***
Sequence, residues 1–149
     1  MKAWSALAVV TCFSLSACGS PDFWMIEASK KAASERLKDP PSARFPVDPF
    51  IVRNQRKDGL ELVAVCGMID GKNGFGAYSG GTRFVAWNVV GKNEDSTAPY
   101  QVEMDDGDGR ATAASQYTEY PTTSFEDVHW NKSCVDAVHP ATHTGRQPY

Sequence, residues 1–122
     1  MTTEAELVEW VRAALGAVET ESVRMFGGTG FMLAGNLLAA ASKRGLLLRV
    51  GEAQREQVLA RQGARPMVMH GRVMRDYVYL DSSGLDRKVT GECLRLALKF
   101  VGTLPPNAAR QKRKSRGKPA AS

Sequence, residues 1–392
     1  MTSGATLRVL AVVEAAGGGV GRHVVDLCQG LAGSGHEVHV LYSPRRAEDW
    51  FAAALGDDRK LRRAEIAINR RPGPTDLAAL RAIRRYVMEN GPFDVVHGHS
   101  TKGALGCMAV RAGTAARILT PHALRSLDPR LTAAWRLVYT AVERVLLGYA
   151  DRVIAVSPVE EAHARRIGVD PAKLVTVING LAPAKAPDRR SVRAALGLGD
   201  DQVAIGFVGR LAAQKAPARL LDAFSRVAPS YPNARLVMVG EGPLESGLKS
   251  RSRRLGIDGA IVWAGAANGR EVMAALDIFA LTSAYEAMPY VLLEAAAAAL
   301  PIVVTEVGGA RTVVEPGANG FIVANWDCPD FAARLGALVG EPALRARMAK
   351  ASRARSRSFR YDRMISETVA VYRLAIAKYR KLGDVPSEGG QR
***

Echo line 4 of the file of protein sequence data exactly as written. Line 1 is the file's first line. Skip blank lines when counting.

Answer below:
   101  QVEMDDGDGR ATAASQYTEY PTTSFEDVHW NKSCVDAVHP ATHTGRQPY